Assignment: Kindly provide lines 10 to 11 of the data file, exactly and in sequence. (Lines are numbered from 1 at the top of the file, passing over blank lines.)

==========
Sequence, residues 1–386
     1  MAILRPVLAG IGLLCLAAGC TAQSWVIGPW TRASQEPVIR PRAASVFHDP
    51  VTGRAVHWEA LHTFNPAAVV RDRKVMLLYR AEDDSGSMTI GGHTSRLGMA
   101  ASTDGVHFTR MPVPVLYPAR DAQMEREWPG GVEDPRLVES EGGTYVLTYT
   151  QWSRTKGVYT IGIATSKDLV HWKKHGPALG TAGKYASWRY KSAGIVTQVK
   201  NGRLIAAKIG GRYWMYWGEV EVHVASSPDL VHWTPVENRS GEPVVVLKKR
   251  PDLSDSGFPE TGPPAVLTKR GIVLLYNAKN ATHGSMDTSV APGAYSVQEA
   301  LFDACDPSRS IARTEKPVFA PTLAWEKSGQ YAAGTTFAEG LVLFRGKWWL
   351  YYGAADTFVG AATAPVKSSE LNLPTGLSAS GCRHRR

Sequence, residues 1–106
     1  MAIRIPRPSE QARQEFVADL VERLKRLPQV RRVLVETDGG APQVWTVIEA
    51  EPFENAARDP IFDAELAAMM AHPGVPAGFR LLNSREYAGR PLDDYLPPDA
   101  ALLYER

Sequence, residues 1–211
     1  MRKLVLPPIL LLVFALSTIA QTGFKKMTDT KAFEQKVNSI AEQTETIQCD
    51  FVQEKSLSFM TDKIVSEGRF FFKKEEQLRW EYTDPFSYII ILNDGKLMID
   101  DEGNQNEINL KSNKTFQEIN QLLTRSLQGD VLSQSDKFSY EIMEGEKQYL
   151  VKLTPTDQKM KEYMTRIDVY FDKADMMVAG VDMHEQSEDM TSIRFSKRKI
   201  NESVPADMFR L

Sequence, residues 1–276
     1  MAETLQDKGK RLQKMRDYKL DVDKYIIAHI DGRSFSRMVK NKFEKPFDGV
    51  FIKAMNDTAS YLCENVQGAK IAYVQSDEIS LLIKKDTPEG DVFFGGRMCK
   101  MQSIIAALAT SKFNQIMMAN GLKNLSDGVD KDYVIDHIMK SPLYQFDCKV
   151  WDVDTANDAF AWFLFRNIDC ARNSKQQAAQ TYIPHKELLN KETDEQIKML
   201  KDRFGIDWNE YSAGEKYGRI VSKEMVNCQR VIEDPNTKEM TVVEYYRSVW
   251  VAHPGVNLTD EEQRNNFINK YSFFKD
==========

Sequence, residues 1–106
     1  MAIRIPRPSE QARQEFVADL VERLKRLPQV RRVLVETDGG APQVWTVIEA